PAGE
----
Properties are taxed so our community has advantages such as schools, fire and police protection, and other public benefits. Each property owner pays a fair share of the cost, in proportion to the amount of money our individual properties are worth.
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The assessment cycle is the County's fiscal year which runs from July 1 through June 30.
When market values change, so does assessed value. For instance, if you added a garage to your home, the assessed value would increase. Property in poor repair decreases in value.
Virginia law requires property assessments to be based on fair market value. Estimating the market value of your property is a matter of determining the price a typical buyer would pay for it in its present condition. Some factors the Assessor considers are:
The Assessor does not create the value. People make value by their transactions in the marketplace. The Assessor has the legal responsibility to study transactions and appraise your property accordingly.
The amount a typical, well-informed purchaser would be willing to pay for a property. For a sale to represent market value, the seller must be willing (but not under pressure) to sell and the buyer must be willing (but not under any obligation) to buy. The property must be on the market for a reasonable length of time, the payment must be in cash or its equivalent, and the financing must be typical for that type of property.
Just as in many other fields, computers are useful in the assessment process. Assessors are trained to look for relationships between property characteristics and market value. By coding these characteristics and studying sale prices, assessors can estimate value by developing formulas and models. Computers are much faster and are capable of advanced analysis in this area.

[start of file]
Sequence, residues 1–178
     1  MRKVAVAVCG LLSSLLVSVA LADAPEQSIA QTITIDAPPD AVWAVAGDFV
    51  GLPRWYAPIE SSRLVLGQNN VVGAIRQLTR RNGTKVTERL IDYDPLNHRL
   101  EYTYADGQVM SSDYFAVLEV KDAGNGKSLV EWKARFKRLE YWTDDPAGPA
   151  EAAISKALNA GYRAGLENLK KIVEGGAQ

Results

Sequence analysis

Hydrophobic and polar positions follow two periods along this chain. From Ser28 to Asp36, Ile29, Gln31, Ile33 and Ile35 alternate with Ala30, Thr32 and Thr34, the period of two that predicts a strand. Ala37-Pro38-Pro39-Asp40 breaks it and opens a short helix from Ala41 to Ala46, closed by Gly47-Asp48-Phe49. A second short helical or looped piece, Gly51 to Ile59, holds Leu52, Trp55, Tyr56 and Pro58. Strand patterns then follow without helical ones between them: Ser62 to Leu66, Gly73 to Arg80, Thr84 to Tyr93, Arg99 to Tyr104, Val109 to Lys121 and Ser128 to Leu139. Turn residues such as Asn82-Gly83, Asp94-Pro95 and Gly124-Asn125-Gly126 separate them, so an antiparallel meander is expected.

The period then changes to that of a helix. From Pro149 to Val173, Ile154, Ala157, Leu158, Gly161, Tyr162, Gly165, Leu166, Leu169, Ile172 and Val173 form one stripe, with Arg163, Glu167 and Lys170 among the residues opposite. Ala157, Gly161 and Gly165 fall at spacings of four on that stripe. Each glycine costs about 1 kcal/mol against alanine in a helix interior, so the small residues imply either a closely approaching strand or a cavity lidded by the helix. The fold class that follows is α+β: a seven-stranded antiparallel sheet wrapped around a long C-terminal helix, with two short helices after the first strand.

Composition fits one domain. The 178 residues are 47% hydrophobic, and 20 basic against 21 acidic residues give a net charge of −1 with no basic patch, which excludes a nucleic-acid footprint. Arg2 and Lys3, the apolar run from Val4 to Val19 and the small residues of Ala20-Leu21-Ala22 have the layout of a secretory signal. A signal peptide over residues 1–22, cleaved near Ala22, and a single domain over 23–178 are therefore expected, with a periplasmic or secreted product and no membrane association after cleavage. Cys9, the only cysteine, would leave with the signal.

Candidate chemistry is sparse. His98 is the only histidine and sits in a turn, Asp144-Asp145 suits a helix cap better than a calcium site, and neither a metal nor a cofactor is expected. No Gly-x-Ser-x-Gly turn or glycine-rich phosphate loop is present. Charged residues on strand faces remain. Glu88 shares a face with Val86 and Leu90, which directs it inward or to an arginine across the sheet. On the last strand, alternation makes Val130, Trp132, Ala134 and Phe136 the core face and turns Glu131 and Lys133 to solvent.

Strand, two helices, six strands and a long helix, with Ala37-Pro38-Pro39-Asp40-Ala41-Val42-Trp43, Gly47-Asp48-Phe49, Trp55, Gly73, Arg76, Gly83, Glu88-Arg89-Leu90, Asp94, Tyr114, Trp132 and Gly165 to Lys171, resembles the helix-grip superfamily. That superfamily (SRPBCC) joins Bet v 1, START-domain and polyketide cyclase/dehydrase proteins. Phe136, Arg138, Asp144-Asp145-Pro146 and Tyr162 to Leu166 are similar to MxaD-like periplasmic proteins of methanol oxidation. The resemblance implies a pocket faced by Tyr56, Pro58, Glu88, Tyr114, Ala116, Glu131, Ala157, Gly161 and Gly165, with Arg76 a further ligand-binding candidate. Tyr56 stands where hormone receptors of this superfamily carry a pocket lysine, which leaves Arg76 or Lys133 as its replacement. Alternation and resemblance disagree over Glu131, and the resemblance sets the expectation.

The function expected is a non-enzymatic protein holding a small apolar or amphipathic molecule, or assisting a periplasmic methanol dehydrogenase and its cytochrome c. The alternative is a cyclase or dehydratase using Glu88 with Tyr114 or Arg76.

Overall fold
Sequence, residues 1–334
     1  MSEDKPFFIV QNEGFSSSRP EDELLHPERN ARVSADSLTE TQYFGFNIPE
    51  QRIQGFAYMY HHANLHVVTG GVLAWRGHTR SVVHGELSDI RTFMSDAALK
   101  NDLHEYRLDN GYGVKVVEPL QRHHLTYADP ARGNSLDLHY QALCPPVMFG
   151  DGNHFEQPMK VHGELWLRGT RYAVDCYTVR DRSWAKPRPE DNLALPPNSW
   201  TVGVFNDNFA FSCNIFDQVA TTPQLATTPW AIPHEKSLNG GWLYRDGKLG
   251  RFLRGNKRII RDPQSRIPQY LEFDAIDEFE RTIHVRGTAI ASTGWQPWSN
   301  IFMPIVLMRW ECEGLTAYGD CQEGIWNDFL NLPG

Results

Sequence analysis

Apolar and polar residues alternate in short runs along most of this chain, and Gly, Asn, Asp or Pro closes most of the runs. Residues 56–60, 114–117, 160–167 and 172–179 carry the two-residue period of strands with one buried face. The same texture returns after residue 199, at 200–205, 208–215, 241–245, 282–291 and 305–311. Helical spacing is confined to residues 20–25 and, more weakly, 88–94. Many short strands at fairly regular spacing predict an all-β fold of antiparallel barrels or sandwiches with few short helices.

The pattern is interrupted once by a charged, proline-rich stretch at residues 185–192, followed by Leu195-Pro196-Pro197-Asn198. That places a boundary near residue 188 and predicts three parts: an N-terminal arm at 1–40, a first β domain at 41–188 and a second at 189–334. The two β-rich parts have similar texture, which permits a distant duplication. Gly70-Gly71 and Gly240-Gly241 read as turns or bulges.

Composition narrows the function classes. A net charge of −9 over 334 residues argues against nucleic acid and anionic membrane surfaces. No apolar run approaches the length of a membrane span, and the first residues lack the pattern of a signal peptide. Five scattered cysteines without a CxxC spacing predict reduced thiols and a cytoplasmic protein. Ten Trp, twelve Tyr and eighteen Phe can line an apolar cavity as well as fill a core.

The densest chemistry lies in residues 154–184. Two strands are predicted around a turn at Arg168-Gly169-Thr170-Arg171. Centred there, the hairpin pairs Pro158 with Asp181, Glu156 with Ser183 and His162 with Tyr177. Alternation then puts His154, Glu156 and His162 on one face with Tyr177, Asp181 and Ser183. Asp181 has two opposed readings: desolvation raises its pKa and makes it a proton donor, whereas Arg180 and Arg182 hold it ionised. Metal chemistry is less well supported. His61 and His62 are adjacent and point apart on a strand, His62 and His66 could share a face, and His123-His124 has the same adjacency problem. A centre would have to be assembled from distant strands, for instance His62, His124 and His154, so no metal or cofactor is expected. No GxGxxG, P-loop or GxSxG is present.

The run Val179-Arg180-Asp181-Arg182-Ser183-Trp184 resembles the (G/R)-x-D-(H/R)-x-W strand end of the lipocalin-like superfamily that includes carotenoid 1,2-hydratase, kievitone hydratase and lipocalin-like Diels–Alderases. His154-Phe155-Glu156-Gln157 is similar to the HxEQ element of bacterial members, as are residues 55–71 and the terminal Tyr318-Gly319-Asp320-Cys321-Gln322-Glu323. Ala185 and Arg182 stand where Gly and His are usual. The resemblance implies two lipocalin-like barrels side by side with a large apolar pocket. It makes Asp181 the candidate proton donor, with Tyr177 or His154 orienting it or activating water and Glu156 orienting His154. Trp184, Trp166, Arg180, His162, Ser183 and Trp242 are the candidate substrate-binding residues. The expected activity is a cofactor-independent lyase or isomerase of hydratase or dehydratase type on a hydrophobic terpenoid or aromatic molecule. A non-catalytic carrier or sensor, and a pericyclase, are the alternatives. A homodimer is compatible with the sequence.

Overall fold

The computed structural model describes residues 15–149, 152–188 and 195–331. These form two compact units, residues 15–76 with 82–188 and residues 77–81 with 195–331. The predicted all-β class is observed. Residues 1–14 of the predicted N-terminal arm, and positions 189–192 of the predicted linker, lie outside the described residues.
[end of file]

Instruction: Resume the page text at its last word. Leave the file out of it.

Despite these capabilities, common sense and assessor judgment are always required to verify assessments. Assessors most familiar with the neighborhoods and properties review all assessments.
Mecklenburg County conducts a County-wide general reassessment every 2 years. Detailed inspections are conducted for new construction, alterations, or upon request of the property owner.
No. The real estate tax rate is determined each year by the Mecklenburg County Board of Supervisors.
Divide the assessed value by 100, then multiply by the tax rate.
Yes. Veterans must be 100% service-connected, totally and permanently disabled or totally and permanently disabled and be paid at the 100% rate due to being unemployed. To learn more, download the Disabled Veterans Application (PDF).
All property in Mecklenburg County is valued as it exists on July 1st of the current fiscal year. If a structure is not fully built on that date, a partial value reflecting the percentage of completion is used.
It is the responsibility of the property owner to notify the Assessor's Office in writing of any change in mailing address. To learn more, download the Change of address (PDF) , or visit the Real Estate Department page for contact information.
The title on property can be changed via a recorded deed. The Assessor's Office is an "office of record," which means changes in ownership or property boundaries are done based on recorded deeds, surveys, subdivision plats, and other documents pertaining to ownership. Deeds must be recorded at the Clerk's Office before the Assessor's records can be modified to reflect any changes.
Improvement is the terminology used to identify any existing or new structure on the property.
Yes; visit the Mecklenburg County GIS website to learn more.
To search assessment and ownership information, visit the Online Mecklenburg Assessment and Ownership Information Tool.